Inside Indonesia was born in 1983, only a few years after me. Up until the early 2000s I carried on blissfully unaware of its existence while it served as an important forum for the exchange of information and ideas about what was happening in Indonesia. More importantly, it published political and social critiques at a time when doing so domestically was a dangerous game. It was a publication focused on Indonesia, but not based in Indonesia. This allowed it to be fearless in its coverage. It offered commentary on Suharto’s regime, industrial relations, the role of women, and controversies in West Papua (then Irian Jaya) and East Timor. Many authors chose to publish under the name of an organisation rather than an individual, presumably to deflect attention and risk of retaliation.
In Suharto’s Indonesia, sharing certain types of knowledge could have real negative consequences. Also, with the internet still in its infancy it wasn’t so easy to distribute the publication—it was a hard copy or nothing at all.
The world has certainly changed, politically and technologically. Given how easy it is to publish, search and share information online today, is there still a place for Inside Indonesia? What value does an online publication focused on Indonesia, but run from Australia, hold today?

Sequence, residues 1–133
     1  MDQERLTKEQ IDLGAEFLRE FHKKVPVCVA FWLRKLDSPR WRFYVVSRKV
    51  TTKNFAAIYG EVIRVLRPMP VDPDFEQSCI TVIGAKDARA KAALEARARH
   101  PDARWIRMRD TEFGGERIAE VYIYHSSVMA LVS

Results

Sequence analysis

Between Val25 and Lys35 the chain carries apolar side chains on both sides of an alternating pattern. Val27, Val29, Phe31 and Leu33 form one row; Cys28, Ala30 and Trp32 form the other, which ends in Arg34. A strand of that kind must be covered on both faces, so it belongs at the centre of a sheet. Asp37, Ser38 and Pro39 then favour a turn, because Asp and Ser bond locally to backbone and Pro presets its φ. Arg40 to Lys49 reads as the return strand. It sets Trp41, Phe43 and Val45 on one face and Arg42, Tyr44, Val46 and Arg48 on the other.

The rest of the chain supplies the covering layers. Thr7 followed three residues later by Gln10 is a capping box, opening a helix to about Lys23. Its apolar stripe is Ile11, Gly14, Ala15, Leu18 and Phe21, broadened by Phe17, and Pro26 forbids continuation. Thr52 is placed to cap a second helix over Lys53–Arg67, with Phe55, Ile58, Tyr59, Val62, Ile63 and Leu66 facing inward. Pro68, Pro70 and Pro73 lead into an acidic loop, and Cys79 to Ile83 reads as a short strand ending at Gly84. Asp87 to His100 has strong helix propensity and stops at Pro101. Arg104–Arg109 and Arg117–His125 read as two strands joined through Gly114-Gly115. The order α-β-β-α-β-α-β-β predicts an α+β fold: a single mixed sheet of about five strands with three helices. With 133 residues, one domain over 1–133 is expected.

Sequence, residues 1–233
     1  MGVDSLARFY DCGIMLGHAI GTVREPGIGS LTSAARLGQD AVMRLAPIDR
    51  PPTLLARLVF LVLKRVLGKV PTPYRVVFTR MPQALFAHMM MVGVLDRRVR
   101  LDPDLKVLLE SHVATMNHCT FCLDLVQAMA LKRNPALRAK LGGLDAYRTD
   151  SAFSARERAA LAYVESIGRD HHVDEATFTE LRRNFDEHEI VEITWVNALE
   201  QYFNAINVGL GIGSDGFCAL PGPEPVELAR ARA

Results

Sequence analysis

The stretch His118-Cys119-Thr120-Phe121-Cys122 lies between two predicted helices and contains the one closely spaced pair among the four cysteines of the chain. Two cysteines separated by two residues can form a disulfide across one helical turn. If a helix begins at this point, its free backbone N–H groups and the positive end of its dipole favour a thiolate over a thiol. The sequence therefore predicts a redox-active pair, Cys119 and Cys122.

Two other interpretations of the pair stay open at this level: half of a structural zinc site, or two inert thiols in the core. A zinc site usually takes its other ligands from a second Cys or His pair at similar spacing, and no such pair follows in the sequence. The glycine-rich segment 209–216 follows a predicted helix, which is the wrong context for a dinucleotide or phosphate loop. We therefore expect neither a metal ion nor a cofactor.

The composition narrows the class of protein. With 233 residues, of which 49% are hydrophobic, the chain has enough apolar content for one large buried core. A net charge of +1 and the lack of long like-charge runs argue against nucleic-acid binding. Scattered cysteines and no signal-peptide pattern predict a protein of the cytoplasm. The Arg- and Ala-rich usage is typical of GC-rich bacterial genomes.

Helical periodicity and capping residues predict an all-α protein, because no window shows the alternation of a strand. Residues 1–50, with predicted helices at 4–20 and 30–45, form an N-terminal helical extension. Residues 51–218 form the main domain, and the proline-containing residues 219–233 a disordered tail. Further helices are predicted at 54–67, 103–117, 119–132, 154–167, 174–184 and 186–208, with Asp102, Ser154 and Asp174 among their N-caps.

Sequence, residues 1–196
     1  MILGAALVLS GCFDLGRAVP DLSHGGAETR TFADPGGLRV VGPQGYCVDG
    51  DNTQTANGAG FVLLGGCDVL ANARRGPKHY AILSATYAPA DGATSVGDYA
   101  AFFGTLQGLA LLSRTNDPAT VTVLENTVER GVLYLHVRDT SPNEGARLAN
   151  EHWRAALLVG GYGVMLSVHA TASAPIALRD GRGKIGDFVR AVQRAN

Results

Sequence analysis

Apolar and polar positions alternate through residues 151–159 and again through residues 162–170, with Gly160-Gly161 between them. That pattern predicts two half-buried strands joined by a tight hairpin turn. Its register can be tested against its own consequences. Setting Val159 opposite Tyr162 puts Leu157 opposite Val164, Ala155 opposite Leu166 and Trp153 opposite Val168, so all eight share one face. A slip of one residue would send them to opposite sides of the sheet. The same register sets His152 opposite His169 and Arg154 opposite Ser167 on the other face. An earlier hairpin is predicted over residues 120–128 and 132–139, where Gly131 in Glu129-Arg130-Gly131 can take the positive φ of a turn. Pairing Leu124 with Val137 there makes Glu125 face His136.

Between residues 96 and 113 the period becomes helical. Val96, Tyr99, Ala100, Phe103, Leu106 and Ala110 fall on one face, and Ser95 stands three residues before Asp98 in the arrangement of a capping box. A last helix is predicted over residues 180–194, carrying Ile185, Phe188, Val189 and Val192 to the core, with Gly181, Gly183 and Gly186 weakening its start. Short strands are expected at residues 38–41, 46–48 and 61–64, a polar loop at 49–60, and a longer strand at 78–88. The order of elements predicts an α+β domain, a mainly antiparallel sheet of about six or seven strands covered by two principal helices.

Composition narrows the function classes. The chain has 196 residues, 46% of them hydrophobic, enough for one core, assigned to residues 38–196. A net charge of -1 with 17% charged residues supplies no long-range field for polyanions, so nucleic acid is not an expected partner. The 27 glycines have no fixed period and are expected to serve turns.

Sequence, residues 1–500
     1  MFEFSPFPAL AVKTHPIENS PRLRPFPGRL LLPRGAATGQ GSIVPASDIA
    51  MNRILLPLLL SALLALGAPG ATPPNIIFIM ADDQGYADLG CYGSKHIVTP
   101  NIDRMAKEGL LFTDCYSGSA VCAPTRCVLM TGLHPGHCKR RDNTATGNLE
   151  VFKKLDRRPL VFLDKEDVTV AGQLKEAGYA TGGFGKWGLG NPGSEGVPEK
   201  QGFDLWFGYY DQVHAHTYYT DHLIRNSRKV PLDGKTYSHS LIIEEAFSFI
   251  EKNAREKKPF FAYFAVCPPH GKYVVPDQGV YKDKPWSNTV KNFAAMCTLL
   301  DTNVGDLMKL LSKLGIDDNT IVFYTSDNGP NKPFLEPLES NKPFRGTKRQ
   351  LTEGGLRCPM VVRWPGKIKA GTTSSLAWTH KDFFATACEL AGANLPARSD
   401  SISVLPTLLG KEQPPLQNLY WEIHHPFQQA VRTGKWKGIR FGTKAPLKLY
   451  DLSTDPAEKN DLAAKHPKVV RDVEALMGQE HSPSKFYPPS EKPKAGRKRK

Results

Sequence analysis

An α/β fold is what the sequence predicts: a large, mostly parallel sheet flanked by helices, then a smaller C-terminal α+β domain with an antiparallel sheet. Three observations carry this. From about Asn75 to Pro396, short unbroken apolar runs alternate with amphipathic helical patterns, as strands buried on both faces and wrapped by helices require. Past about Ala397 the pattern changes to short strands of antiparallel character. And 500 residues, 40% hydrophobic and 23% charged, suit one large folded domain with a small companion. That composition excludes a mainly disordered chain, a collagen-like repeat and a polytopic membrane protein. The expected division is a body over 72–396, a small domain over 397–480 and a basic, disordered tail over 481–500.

As a scholar, part of me is anxious at the potential for neo-colonial undertones (or, let’s face it, overtones) that arise from persisting with such an endeavour. In pre-Reformasi days, publishing controversial opinions was difficult. Inside Indonesia offered a forum to Indonesian and foreign scholars and activists alike. It came with a commitment and love for Indonesia. Now, this rationale for existence is less compelling. There are plenty of Indonesian publications on a wide range of issues, including some once deemed controversial.
Inside Indonesia could easily fall into the trap of becoming a voice for foreigners wishing to ‘look in’ on Indonesia, offering analysis and commentary without being subject to the challenges the publication homes in on. The norm for foreign research on Indonesia (I include myself) is the fly-in fly-out visit, a dependence on in-country colleagues to collect ‘difficult’ data, then writing about Indonesia from home across the sea. Wearing batik at every opportunity as a performative nod towards cultural awareness can’t quite bridge the divide between observing and experiencing. Many of these practices come from necessity (well, perhaps not the batik-wearing). But warning bells ring nonetheless, inviting a minor existential crisis within me. What right do I have to comment on what happens in Indonesia when the politics don’t directly affect me? I remind myself that I am part Indonesian, but it doesn’t fully alleviate the anxiety.